What drives the process for when to replace UPS batteries?

Posted by on Jan 15, 2014 in Up For Discussion | 5 comments

I want there to be a place where we can share our processes and learn from each other.  This is the first of (hopefully) many discussions exploring a topic of interest. Please share your experiences and best practices with everyone in the comments section below!

I have seen organizations change UPS batteries based upon several different factors. In my experience, some replace batteries on a set schedule, some upon a qualifying condition.

Since batteries represent a significant investment, I think it’s reasonable to assume that we are all following some process for making this costly decision.

What criteria or process do you use to determine when to replace all the batteries in a string/UPS, and why?

(Editor’s Note: Comments will be moderated and posted as quickly as possible.)


  1. The following is an excerpt from a technical paper presented at the fall 2013 Intelec conference Information on the conference can be found at http://conference.vde.com/intelec/documents/intelec2013_report1.pdf .

    This subject is controversial, both within the industry, in many technical forums and battery standards making bodies. In other words, there are no simple answers to your question.

    “Continuous monitoring and prognostics based on battery ohmic values, plus other battery measurement parameters are essential to predicting end-of-life conditions. This is true for individual cells and batteries, as well as a complete battery system. Measuring and archiving these values over time, plus prognostic and trend prediction of other measurement parameters that affect these values, allow for predictive analytics. Observation, collection of data, and the use of proven mathematical prognostic techniques and models can be combined for lifetime prediction and forecasts. This process helps maintain battery unit and system state of health (SOH), state of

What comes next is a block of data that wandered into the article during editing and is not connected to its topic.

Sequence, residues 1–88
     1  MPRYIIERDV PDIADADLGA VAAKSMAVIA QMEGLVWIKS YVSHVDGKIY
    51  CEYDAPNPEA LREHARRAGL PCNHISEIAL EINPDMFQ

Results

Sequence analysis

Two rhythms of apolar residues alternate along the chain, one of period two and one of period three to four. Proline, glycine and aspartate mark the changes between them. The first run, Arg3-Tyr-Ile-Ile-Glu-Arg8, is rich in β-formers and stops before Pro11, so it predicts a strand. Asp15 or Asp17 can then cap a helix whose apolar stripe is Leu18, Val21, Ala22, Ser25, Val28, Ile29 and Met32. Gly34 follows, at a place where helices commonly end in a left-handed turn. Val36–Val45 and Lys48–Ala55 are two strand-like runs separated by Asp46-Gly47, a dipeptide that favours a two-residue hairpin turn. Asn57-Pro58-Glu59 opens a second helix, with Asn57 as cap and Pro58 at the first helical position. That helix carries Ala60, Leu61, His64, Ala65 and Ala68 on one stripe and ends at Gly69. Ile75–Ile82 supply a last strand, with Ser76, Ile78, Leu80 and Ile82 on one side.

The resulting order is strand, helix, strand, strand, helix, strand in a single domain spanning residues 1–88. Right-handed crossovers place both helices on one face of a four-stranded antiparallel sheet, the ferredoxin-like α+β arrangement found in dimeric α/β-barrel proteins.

charge (SOC), and the resulting prediction of remaining useful life (RUL).
    Prognostic methods are used to monitor and track “degradation paths” in one or more battery parameters that are correlated to remaining life. Deviations between the observed and expected parameters are evaluated to determine when a monitored unit is degrading excessively. Remaining life is predicted by classifying the unit’s degradation path. in reference to degradation path models calibrated with run-to-failure data for units experiencing a similar mode of

  2. Technical aspects of your commentary are clearly correct and well thought out. Have you considered the mandated maintenance per OEM requirements stipulated by CMS for Health Care in regards to equipment in any data center that might warehouse critical medical information?

    • John –

      Could you send the link on “CMS for Health Care” That defines subject OEM requirements referred to in your message?

      • Center for Medicare and Medicaid requirements, I believe the paragraph references are: SC&L 04-07, “Hospital Equipment Maintenance Requirements”

  3. There is no single answer to this question. One thing is certain with any battery installation, regardless of type, chemistry or application at some time the battery will fail. Therefore the replacement policy will typically be determined by criticality of the load and just how ‘risk averse’ the end user is.
    Some will use a replace on age policy because cost of maintenance just is not justified, others will perform some maintenance but still replace on age, maybe adding a year or two to the age ‘limit’, not many will risk running a battery up to the full design life!
    Bart is right to say that a prognostic, state of health, condition based maintenance regime is the optimum way to optimise battery life. But this is an area that requires expertise and experience to get it right!
    If the users want to minimise risk while optimising service life and TCO then condition based PM is the most effective strategy.

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